The impact of the CoST, The Transparency Initiative, can be measured in different dimensions. On this opportunity, we will explore a vision to reflect on the challenges ahead, especially in the possibilities of strengthening the infrastructure disclosure platforms.
During the last decade, CoST has promoted and supported the design and implementation of 12 disclosure platforms throughout South America, North America, Asia and Africa.
Of these 12 disclosure platforms, half implement the CoST Infrastructure Data Standard (IDS), and the other half operate with the Open Contracting for Infrastructure Data Standard (OC4IDS).
The CoST IDS was implemented around 2012, allowing users to access disclosed information of 40 data that cover project identification, preparation, tender management, contract, implementation and project completion. These projects have included hospitals, schools, etc.
In 2019 CoST and the Open Contracting Partnership (OCP) co-developed the Open Contracting for Infrastructure Data Standard (OC4IDS) an open standard that describes how to structure and format the disclosure recommended in the CoST IDS.
Open standards for data are documented, reusable agreements that help people and organizations to publish, access, share and use better quality data.
Currently, OC4IDS connects previously isolated data and information to improve disclosure and monitoring development of public infrastructure projects.
It also provides guidance to governments on what information to disclose at each stage of an infrastructure project, so the public investments are well spent from planning to the completion of the projects.
The implementation of the OC4IDS, in CoST experience, has allowed us to have an impact on:
- Value for money
- Internal efficiency
- Market opportunity
- Public integrity
- Service delivery
There is no doubt that the achievements during these years have been very satisfying, but we face a new challenge: to expand data sets in the dimensions of environmental and social sustainability and, to a smaller scale, economic and institutional sustainability.
For that purpose, it is imperative to strength the OC4IDS to cover or connect data on climate finance, and other aspects of sustainable infrastructure including environmental impacts, beneficial ownership, health and safety, employment, and social inclusion, identifying key data sets that can be incorporated to the IDS and OC4IDS which will reflect the shift in public procurement and climate related investments.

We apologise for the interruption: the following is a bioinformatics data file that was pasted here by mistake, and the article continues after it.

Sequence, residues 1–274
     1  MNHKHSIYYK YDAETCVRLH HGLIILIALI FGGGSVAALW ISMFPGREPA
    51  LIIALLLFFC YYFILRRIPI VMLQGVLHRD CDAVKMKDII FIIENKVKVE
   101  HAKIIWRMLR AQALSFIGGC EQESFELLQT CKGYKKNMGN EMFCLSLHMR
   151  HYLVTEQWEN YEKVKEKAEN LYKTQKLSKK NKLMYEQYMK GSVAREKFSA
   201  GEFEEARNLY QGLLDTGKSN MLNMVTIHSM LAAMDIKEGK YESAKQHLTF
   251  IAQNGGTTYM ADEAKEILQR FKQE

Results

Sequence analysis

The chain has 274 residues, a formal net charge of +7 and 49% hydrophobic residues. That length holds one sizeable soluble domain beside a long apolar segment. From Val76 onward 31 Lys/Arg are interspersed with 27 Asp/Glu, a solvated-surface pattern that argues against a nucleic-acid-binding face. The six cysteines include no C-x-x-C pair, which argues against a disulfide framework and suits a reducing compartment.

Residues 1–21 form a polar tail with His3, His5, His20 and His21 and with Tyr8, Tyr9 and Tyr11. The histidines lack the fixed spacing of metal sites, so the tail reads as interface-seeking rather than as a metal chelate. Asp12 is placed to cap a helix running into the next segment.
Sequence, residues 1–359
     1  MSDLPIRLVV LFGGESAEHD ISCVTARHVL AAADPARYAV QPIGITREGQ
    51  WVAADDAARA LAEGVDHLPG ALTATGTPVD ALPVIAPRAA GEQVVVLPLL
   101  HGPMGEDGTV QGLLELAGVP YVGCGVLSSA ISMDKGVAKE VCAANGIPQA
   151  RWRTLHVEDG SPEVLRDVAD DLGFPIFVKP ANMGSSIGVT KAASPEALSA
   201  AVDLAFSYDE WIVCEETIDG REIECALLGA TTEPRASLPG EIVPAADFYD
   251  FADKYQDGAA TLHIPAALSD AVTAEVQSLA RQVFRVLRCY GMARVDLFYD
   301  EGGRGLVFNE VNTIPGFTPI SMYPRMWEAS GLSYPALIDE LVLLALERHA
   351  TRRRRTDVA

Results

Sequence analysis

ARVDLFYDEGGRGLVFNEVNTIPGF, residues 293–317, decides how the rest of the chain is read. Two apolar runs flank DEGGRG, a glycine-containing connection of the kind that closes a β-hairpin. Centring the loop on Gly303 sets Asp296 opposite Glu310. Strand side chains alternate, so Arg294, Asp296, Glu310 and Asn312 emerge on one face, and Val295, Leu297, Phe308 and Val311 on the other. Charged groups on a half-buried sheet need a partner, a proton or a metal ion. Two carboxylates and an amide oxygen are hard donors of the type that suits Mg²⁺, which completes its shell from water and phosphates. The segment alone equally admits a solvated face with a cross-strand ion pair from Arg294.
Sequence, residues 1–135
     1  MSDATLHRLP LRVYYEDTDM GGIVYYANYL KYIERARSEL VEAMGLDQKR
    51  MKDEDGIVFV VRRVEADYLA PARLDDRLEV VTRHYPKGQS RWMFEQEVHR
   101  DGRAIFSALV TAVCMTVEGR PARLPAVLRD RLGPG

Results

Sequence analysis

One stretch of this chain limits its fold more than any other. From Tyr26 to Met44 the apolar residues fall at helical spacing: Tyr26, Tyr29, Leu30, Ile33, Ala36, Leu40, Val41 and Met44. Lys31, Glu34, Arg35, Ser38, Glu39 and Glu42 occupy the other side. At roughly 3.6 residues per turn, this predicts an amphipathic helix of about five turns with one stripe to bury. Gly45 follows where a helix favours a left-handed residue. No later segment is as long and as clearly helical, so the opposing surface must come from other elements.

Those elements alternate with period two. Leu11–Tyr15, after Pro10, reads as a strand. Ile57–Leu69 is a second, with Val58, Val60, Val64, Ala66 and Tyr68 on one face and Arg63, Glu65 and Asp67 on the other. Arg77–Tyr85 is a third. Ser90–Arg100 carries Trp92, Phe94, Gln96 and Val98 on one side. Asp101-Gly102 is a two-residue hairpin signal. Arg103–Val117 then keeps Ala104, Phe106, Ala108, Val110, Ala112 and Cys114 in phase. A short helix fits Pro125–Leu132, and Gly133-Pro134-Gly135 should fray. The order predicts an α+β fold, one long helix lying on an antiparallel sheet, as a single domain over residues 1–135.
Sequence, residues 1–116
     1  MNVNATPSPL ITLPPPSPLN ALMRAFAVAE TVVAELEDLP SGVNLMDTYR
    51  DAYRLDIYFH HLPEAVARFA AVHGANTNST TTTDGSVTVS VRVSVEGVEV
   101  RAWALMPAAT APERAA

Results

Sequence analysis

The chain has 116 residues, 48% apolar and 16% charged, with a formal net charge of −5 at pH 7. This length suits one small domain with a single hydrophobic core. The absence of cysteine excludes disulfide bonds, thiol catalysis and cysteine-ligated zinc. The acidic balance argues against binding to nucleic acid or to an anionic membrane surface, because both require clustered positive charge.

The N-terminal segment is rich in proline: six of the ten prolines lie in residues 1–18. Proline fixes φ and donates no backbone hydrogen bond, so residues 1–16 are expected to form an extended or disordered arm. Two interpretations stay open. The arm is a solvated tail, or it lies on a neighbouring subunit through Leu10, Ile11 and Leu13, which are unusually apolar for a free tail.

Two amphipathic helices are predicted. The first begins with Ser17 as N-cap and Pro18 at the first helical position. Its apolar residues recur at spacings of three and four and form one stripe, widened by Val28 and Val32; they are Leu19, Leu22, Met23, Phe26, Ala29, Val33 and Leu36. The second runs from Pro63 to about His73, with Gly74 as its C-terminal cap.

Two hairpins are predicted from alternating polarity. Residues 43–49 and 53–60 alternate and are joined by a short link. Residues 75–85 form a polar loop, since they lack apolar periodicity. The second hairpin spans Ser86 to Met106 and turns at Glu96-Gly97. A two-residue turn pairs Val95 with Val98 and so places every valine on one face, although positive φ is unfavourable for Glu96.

The IADB has published a series of technical notes defining a framework for addressing sustainable infrastructure based on a definition that is widely recognized and accepted by others, including UNEP and some CoST members in Latin America.
That definition refers to four dimensions as follows:
- Economic and financially sustainable
- Environmental sustainability and climate resilience
- Social Sustainability (inclusive)
- Institutional sustainability
We are ready to face this challenge. We have proved over the last few years, developing infrastructure disclosure platforms with the IDS in Bogota City, Costa Rica, Guatemala, Honduras, Panama y Thailand; and then we made the transition to better disclosure practices by implementing OC4IDS in Jalisco, Malawi, Sekondi Takoradi, Uganda, Ukraine and West Lombok.
The impact on sustainable infrastructure can be measure on different areas such as:
- Jobs in the community
- Projects won’t damage the environment, will mitigate damage and won’t create emissions
- Projects will run on time and the quality of the work will be higher which will help with public services
- It also provides channels to listen the communities
Now we must, and will, take the next step to strengthen these standards to drive and promote sustainable infrastructure procurement, especially since some international statistics estimates that corruption in the infrastructure sector is a problem that could result in the loss of US$6 billion per year worldwide by 2030.